for new money to put them into practice. The Council has cut funds for those
         communication lines and Parliament has reinstated the allocations and tried - sometimes
         successfully - to even increase these funds. Quite regularly, however, one could see that
         execution of the communication lines in the annual budgets has left a lot to be desired.

     31. Certainly, communication is a key factor in helping European citizens understand the EU
         better. Instead of trying out new concepts all the time and developing new costly
         strategies, which are then poorly implemented, the rapporteur thinks it essential to assess
         in-depth where real value for money lies.

     32. Direct information for the citizens about their rights in the European Union, be it as a
         worker, student or pensioner, is not well developed. It would be helpful for citizens to be
         informed about the specific advantages the common market means to their every day
         lives, about transfer of pension rights, acknowledgement of professional diplomas or the

         Texts Adopted, 8.6.2005, P6_TA-PROV(2005)0224

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     consumption of social benefits acquired in another Member State. Instead of producing
     abstract glossy brochures, the Union should first try to fulfill these basic communication
     needs of its citizens.

33. The rapporteur is convinced that the potential for synergies between the communication
    activities of Commission and Parliament still has not been fully developed. The value of
    European Union Houses as a means of using scarce resources effectively needs to be
    more carefully considered.


34. In the 1996 Budget, the rapporteur raised the point concerning the need for Parliament to
    ensure political and budgetary control over the decentralised agencies. Ten years later,
    the number of agencies has increased from 5 to 25 and the types of agencies have been
    diversified (decentralised agencies, regulatory agencies, executive agencies). Although
    the Parliament's control powers have been formalised in the new Financial Regulation,
    the rapporteur is of the opinion that such a new form of EU governance should not
    develop so as to prejudice operational programmes. Therefore he fully supports the
    request made by the rapporteur on FP-IIA to have a binding mechanism for the Agencies
    under each heading of the new financial framework.

35. The rapporteur is mindful that most of Agencies' founding regulations are adopted under
    co-decision on a multi-annual basis, while they receive subsidies decided on an annual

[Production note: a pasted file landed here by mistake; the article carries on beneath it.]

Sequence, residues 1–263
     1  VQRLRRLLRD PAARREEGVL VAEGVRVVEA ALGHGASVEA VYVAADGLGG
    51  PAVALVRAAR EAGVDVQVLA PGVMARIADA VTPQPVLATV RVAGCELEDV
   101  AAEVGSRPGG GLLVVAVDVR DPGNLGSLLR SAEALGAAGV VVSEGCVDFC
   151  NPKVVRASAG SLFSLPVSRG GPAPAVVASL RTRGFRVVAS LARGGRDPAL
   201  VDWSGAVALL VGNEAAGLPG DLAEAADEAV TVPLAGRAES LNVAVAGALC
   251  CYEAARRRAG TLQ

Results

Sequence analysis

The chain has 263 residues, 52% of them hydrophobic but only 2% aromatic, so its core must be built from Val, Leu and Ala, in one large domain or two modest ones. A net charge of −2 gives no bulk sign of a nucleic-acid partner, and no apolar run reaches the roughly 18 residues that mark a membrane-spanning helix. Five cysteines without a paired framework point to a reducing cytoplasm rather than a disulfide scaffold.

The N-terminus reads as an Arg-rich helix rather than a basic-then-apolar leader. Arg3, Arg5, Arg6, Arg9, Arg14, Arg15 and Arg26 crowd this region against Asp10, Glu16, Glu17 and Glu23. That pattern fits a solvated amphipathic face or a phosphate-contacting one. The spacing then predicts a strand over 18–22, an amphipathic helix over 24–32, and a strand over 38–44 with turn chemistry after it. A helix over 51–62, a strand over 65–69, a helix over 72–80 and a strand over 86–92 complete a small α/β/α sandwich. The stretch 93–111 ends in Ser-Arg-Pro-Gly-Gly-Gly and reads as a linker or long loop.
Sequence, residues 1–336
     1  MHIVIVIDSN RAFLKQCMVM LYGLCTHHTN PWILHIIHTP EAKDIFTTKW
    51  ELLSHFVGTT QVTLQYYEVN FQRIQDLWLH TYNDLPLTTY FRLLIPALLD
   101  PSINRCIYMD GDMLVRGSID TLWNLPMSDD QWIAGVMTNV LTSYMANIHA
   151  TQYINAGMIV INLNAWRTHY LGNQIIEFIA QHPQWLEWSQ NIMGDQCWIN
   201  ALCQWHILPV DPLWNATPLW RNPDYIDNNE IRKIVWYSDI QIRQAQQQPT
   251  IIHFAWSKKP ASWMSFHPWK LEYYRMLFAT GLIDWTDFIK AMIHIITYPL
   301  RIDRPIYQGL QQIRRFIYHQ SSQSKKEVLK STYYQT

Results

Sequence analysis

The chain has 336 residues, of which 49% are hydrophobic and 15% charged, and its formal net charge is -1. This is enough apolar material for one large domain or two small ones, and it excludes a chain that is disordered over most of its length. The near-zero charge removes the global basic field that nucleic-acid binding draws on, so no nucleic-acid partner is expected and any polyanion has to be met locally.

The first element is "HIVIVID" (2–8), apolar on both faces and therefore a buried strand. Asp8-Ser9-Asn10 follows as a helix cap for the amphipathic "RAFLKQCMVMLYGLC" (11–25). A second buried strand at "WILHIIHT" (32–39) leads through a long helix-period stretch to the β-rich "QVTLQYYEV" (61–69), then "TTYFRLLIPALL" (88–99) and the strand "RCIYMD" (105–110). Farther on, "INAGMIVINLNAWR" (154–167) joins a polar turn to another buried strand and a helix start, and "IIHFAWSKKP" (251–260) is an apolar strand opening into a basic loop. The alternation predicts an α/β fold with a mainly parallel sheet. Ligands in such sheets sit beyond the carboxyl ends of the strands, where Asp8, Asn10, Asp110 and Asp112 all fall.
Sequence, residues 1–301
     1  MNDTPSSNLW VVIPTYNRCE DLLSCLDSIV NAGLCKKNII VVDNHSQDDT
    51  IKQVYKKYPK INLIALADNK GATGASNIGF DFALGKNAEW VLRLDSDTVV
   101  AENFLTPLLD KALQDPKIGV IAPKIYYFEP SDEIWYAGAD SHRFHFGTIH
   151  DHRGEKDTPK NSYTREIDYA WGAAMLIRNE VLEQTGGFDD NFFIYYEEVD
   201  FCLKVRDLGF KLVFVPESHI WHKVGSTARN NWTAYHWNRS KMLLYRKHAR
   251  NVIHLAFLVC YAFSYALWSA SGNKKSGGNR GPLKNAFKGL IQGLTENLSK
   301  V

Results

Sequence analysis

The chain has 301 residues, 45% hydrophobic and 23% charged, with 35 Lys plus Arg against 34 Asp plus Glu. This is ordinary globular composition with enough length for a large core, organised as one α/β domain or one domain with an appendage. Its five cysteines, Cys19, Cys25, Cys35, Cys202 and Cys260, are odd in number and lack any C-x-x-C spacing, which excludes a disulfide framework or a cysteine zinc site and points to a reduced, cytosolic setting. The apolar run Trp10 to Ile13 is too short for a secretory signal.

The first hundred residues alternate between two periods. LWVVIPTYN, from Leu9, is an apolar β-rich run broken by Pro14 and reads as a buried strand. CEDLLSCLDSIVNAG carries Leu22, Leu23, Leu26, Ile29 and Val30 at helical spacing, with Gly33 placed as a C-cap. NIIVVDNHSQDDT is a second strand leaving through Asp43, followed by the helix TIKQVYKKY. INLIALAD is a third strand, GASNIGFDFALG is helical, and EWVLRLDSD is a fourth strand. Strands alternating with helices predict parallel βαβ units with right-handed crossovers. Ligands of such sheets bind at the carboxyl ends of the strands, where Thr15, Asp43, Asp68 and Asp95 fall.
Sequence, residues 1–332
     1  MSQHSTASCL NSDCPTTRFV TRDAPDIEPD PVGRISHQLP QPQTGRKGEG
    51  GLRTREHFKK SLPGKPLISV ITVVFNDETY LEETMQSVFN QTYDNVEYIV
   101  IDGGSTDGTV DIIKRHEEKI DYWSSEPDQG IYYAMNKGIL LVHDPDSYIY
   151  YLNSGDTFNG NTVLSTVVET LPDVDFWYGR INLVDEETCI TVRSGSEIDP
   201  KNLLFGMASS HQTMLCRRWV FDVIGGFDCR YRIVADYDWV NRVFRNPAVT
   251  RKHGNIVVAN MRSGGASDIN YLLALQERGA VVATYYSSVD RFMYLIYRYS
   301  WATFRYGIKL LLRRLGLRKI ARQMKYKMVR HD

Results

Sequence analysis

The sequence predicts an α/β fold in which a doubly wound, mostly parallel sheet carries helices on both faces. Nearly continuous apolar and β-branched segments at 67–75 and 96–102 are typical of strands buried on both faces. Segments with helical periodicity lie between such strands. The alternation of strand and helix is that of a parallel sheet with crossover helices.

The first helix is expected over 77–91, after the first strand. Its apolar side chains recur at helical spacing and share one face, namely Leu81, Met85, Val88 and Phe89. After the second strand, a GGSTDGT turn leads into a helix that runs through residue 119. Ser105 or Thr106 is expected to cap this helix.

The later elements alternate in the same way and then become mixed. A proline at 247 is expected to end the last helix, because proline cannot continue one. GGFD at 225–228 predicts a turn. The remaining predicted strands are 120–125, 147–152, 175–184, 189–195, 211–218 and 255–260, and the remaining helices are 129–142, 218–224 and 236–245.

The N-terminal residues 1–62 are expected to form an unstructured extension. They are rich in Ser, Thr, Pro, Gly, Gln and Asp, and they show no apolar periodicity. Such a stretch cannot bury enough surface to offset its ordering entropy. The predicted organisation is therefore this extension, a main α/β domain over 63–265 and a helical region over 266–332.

basis in the context of the budgetary procedure. Under tight ceilings and in the context of
    ABB (policy area approach), the specialised committees will have to indicate their
    priorities between the funding of operational programmes and the financing of the

36. The rapporteur welcomes the proposal finally made by the Commission for a tough
    policy on agencies and expects the provisions to be laid down before the 2007 budgetary
    procedure. He intends to develop his views on existing and future Agencies in a specific
    working document to be presented in the context of the annual meeting of the Committee
    on Budgets and the Committee on Budgetary Control with the Agency directors.


37. The December agreement of the European Council has clearly shown that the battle for
    resources has begun. Council figures would mean a decrease of resources available
    between 2007 - 2013 by over 15% as compared to what the Commission thought
    necessary in its original proposal. For the rapporteur it is absolutely necessary in this
    situation to start looking at the quality of European Union expenditure. Do we get value
    for money?

38. To the rapporteur, the beginning of the new financial perspective offers a significant
    opportunity for reassessment: if a programme is known not to be successful or is no
    longer a priority, why not remove it? At the same time, an open mind should be kept to
    introduce new programmes if they are needed for the EU to keep up with the pace of

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     39. The rapporteur is of the opinion that a qualitative value for money should compensate the
         absence of quantity in budgetary means. The European Budget is financed by the
         European tax payers to fund activities which are expected to bring a European added